Today marks a significant milestone for Phillip Island Nature Park and the very popular little penguins.
It was on this day, November 27, 1921, that they were put on the map as a must-see experience for locals and visitors, especially overseas visitors.
Minister for Energy, Environment and Climate Change Lily D’Ambrosio today joined Member for Bass Jordan Crugnale, Phillip Island Nature Parks staff, Traditional Owners and local families to celebrate the milestone.
“These little penguins have become global sensations, attracting visitors from all over the world and going viral on the internet,” said Minister for Energy, Environment and Climate Change, Lily D’Ambrosio.
“Today we also recognise the significant conservation efforts made by Labor Governments that have contributed to the conservation of these adorable animals.”
The Member for Bass, Jordan Crugnale was equally delighted.
“Now Victoria is opening up we can once again welcome everyone to Milowl/Phillip Island to walk with nature and enjoy all our Gippsland offerings including seeing the little penguins that are thriving due to the longstanding conservation work by so many over many years.”
Penguin numbers on the island have almost tripled since the mid-1980s from 12,000 to around 32,000 breeding birds today thanks to extensive conservation work.
The former Cain Government and then Minister for Forests, Conservation and Lands Joan Kirner were keys to this come back with the Government buying back 774 housing and other lots that made up the Summerland Residential Estate protecting the penguin colony from extinction.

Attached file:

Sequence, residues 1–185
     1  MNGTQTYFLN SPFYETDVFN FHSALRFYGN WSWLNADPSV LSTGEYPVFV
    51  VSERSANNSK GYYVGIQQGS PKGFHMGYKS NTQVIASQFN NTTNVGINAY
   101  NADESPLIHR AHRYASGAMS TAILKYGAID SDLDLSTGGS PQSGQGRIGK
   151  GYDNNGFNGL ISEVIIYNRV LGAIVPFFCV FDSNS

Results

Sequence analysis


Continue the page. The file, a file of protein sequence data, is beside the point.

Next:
The present State Government also provided $48.2 million for a major redevelopment of the attraction’s Visitor Centre, which opened in 2019, replacing the outdated 1988 facility with a larger and better equipped centre.
The recently developed new centre is now back to doing what it does best.
“We are delighted to be back at full capacity so visitors can join us in celebrating this milestone – and we look forward to a fantastic 100 years ahead, making people smile while they share in protecting the penguins,” said Phillip Island Nature Parks CEO Catherine Basterfield.
The story of the penguin parade began in 1921 when His Excellency the Governor, the Earl of Stradbroke, viewed the little penguins kicking off a hugely successful ecotourism industry on the island.
Over the past 100 years, tens of millions of people from more than 70 countries are estimated to have visited to watch the nightly parade of penguins – and that’s just in person.
Another 25 million viewers watched Live Penguin TV from their homes during coronavirus pandemic restrictions. Phillip Island forms part of the traditional lands of the Bunurong People, whose connection with the Summerland Peninsula and its Little Penguins extends for thousands of years.